After reading — again — the Times coverage of all 37 legislators’ responses to its trauma survey, one conclusion is clear: the Times has gone to great lengths to create news; the embarrassingly low response rate to its survey is just one example – and highlighting HCA’s profitability, lobbyists, influence and power in Tallahassee as rationale for the Legislature seemingly coming under its spell, its coverage fails to provide any insight into the same data for HCA’s competitors. With this information, readers could draw their own conclusions.
This drumbeat of biased reporting by the Times is causing many in Tallahassee to scratch our heads and ask more questions. Is this what a quest for a Pulitzer Prize looks like? Will the distinguished judges on the juries really reward this one-sided advocacy, err, coverage with their coveted award? Only time will tell.
Since the Times hasn’t bothered to ask the same questions about HCA’s competitors nor presented this information to the public, I have gone ahead and done it. It paints a very different picture than what the Times is depicting.
QUESTION: How much money is Shands-UF, Tampa General and St. Josephs’ making? How does that compare to HCA’s hospitals?
ANSWER: Shands-UF net revenue at $1.16 billion in 2012 is five times larger than Ocala Regional ($222M in 2012). Tampa General had 2012 net revenues of $988 million and St. Joseph’s 2012 net revenue was $775 million compared to $183 million at Blake and $175 million at Bayonet Point (approximately 4-5 times larger). This according to audited financial statements from 2012 filed with the state.
QUESTION: With the approval of the state’s newest trauma centers has the net income of Shands-UF, Tampa General or St. Joseph’s taken a hit?
ANSWER: NO. Shands-UF Net Income was $71.2 million compared to $15.5 million at Ocala Regional. Tampa General Net Income was $51 million and St Josephs was $103 million compared to $19.6 million at Blake and $19.7 million at Bayonet Point. This according to audited financial statements from 2012 filed with the state.
QUESTION: How many lobbyists do Florida’s not-for-profit hospitals have? What about the Safety Net Alliance?
- Jackson, Shands and Tampa General all have lobbyists. Shands-affiliated hospitals and clinics alone had 23 lobbyists in 2013-2014, according to the 2014 Legislative Lobbying Directory, the 2013 Legislative Lobbying Directory, and the 2014 Executive Lobbying Directory.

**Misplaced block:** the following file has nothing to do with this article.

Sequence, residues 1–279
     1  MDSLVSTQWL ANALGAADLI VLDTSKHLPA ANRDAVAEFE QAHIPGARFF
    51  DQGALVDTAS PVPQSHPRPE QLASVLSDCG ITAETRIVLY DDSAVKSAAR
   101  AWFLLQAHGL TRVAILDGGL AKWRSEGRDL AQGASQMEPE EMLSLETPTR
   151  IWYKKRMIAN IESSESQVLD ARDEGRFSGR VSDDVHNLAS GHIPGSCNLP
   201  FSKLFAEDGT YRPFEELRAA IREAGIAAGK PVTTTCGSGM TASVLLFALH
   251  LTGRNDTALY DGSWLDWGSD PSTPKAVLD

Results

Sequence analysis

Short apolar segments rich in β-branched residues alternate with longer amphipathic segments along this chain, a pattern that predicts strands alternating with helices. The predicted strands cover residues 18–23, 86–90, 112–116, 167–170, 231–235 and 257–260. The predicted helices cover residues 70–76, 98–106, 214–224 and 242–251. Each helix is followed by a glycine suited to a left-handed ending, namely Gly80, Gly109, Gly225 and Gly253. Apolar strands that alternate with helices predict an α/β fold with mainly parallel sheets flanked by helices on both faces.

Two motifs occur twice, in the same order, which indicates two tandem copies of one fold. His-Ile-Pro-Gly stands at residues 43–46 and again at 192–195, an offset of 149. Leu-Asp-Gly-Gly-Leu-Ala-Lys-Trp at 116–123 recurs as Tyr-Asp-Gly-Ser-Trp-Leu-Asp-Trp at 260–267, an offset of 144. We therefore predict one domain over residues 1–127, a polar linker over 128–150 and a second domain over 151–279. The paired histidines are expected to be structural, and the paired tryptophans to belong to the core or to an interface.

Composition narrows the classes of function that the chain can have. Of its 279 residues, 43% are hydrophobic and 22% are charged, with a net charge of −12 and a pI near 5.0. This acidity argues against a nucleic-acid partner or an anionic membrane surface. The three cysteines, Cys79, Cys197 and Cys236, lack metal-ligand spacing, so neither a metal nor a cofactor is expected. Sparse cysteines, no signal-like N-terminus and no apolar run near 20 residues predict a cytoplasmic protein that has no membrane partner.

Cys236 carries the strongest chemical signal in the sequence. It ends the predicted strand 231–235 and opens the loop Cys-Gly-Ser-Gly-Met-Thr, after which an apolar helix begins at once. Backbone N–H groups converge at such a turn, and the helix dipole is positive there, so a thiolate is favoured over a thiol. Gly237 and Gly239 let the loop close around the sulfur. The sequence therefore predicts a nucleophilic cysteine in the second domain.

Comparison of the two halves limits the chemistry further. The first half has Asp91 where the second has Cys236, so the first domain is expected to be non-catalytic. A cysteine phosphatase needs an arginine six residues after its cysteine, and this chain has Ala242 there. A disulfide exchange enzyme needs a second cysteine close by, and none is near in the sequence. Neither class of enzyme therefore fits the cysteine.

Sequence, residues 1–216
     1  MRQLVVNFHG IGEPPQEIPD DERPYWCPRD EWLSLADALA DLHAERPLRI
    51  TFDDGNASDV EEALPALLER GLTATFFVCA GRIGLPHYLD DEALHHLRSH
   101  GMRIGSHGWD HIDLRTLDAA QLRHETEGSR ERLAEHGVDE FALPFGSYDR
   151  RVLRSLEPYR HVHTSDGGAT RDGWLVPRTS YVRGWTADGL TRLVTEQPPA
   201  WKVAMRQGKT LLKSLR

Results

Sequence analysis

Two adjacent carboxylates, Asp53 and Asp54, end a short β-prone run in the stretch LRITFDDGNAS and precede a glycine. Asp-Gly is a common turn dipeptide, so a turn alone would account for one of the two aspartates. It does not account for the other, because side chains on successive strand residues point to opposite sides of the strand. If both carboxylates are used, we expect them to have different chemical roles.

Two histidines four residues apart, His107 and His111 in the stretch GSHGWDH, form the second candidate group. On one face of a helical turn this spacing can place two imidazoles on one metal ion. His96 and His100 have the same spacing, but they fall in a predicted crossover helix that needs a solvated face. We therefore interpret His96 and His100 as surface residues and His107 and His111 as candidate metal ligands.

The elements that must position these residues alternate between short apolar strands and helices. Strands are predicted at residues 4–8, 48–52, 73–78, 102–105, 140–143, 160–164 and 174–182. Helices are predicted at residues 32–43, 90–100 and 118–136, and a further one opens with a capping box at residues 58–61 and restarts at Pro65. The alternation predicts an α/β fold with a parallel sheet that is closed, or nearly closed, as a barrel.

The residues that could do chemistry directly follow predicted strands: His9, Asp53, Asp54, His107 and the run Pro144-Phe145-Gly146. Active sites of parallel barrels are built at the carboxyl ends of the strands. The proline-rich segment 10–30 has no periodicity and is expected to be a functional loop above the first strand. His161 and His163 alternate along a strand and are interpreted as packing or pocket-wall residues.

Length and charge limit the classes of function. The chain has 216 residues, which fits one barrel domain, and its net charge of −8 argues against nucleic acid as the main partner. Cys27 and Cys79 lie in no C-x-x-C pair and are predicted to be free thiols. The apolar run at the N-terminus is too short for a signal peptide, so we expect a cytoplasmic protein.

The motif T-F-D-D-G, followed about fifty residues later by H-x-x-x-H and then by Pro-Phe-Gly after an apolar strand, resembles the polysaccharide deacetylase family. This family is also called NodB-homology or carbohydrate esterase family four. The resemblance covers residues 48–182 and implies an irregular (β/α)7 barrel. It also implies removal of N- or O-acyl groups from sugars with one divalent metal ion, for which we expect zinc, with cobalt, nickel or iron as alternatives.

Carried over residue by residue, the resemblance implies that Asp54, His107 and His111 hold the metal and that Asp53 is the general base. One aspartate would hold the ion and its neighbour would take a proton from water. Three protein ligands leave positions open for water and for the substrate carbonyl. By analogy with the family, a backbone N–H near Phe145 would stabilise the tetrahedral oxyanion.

- In addition, 16 lobbyists are registered to lobby the Florida Legislature on behalf of the Safety Net Hospital Alliance of Florida in 2014.
- For the record, the Safety Net Hospital Alliance of Florida spent $455,000 lobbying the Legislature in 2013.
QUESTION: How do these hospitals’ political donations stack up? The State Legislature?
- The above-mentioned hospitals and their employees make tens of thousands of dollars of political donations each year.
- Before disbanding in 2013, members of the Safety Net Health Care Alliance CCE reported more than $172,700 in expenditures to state candidates and committees since 2008.
- The Committee of Safety Net Hospitals of Florida reported at least $93,500 in expenditures to state candidates and Committees since November 2013.
QUESTION: Looking at hospital executive compensation, what does Shands-UF, Tampa General, and St. Joseph’s, and Bayfront’s executive compensation look like?
ANSWER: Compensation for these hospital executives has been high and climbing for several years.
- In 2010, Tampa General’s CEO made over $2.7 million, according to Tampa General’s IRS Form 990 from 2010;
- In 2010 and 2011, the CEO of Shands Teaching Hospital made well over $1 million, according to Shands Teaching Hospital’s IRS Form 990 from 2010 and its IRS Form 990 from 2011;
- In 2011, President and CEO of St. Joseph’s Hospital made over $1.4 million, according to St. Joseph’s Hospital’s IRS Form 990 from 2011;
- In 2011 the CEO of BayCare (St. Joseph’s parent company) made over $3.1 million, according to BayCare Health System’s IRS form 990 from 2011.
Here is the crux of the matter: the fight over trauma care in Florida is far from new. Many of the hospital systems with trauma centers, which have not been part of the Times’ witch-hunt, have long claimed that the presence of new trauma centers would cause them to lose money. They also whine that they are “poor” non-profits and don’t have the resources to defend themselves.
However, looking at their financials, CEO pay, and the small army of lobbyists they have signed up to do their bidding in Tallahassee, it’s clear they are neither poor nor defenseless.